FIG. 10 is a partial section view showing another example of the AE signal reception unit 51. As shown, there is provided a wave propagation duct 55 and the AE sensor 5 is installed within the duct. The wave propagation duct 55 is slightly curved so that chips produced in machining will not reach the wave reception surface of the AE sensor 5. As in the second embodiment, the AE signal reception unit 51 moves and turns along with the spindle head 15, with the result that AE signals can be always obtained from the machining zone even in the case of a machine tool having a spindle that is shifted and turned. Thus, reception of AE signals without the influence by chips, dirt, etc. is assured.
The above description and the accompanying drawings are merely illustrative of the application of the principles of this invention and are not limiting. Numerous other arrangements which embody the principles of the invention and which fall within its spirit and scope may be readily devised by those skilled in the art. For example, although all embodiments of the invention are disclosed as having one acoustic emission (AE) sensor, a plurality of such sensors could be employed. Accordingly, the invention is not limited by the foregoing description, but is only limited by the scope of the appended claims.
|Cited Patent||Filing date||Publication date||Applicant||Title|
|US3956932 *||Jan 29, 1975||May 18, 1976||Nasa||Wind sensor|
|US4036057 *||Apr 15, 1975||Jul 19, 1977||Acoustic Emission Technology Corporation||Automatic threshold control means and the use thereof|
|US4269065 *||Aug 16, 1979||May 26, 1981||Clark Robert N||Ultrasonic detector apparatus|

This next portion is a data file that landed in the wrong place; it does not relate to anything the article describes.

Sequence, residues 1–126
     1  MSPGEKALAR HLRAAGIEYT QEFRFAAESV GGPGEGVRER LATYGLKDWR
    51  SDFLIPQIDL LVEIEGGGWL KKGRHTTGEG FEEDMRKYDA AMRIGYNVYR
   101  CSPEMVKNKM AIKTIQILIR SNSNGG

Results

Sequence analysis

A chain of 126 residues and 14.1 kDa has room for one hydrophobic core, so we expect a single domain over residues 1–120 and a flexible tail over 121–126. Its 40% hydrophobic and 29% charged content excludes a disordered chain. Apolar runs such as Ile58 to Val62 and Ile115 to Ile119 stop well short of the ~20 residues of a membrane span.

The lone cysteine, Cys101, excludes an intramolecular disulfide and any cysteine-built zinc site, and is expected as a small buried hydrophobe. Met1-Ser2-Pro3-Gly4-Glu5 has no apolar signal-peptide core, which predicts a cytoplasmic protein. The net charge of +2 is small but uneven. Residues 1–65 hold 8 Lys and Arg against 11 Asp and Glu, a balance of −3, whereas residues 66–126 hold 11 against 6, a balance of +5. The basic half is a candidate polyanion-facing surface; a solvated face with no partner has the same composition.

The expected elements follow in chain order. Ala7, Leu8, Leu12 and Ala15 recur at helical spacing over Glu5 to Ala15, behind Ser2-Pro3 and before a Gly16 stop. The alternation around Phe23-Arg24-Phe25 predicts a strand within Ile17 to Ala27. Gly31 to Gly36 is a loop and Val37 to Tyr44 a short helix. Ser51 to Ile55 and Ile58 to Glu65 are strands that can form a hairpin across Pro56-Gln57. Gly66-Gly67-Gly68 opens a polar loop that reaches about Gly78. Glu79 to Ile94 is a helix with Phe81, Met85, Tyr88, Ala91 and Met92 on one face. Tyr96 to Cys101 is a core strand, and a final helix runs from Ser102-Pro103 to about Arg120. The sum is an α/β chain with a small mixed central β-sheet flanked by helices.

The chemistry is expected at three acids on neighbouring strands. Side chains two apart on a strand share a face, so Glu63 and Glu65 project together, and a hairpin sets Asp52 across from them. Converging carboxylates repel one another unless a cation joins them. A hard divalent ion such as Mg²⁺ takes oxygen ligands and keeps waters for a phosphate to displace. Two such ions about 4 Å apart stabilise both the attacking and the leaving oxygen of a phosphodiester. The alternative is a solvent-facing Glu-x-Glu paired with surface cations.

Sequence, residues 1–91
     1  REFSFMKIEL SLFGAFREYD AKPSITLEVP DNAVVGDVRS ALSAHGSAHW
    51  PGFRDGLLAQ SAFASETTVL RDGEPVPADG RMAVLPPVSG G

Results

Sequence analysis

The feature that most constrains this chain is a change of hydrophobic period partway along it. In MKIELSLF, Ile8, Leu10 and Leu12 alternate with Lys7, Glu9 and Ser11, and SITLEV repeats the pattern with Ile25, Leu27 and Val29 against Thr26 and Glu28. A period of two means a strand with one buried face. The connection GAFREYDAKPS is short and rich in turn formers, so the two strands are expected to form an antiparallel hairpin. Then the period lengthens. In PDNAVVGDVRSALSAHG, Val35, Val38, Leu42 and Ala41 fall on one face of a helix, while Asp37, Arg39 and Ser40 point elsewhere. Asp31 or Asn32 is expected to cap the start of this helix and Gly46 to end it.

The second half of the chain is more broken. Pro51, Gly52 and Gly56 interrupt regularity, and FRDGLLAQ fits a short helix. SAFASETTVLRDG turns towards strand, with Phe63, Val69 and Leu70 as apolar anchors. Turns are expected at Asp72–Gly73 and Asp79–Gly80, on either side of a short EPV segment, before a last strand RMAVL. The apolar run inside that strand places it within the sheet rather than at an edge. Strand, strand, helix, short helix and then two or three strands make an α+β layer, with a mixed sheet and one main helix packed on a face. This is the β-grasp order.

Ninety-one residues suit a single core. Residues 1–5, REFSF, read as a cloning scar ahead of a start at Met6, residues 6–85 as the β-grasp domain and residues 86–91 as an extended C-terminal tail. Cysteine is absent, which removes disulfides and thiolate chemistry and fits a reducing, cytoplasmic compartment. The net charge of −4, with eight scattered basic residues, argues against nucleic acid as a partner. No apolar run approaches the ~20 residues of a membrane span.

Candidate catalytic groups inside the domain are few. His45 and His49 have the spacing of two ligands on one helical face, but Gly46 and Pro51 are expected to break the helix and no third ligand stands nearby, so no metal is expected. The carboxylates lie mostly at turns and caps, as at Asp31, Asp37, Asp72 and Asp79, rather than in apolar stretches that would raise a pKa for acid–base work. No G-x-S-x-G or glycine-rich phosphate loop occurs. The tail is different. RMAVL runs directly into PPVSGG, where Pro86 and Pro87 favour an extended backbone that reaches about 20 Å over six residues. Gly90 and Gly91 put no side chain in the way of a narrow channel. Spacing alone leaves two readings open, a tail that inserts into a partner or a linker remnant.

|US4274289 *||Aug 29, 1979||Jun 23, 1981||Amf Incorporated||Transducer positioning system for ultrasonic tire testing apparatus|
|US4326155 *||Jun 3, 1980||Apr 20, 1982||Griebeler Elmer L||Shockwave probe|
|US4463607 *||Aug 18, 1982||Aug 7, 1984||De La Rue Systems Limited||Apparatus for detecting the condition of a sheet|
|US4495810 *||Apr 20, 1983||Jan 29, 1985||General Electric Company||Probe mounting system|
|US4574633 *||Feb 2, 1984||Mar 11, 1986||Citizen Watch Company Limited||Apparatus for detecting tool damage in automatically controlled machine tool|
|US4596953 *||Apr 14, 1983||Jun 24, 1986||Daidotokushuko Kabushikikaisha||Apparatus for scanning a material for detection of flaws and having material axis deviation detection|
|US4704693 *||Jun 28, 1985||Nov 3, 1987||General Electric Company||Acoustic tool touch detector with minimized detection delay|
|US4761101 *||Dec 31, 1986||Aug 2, 1988||Otto Zettl||Arrangement for wireless signal transmission from a rotating body to a stationary receiving station|
|JPS61132858A *||Title not available|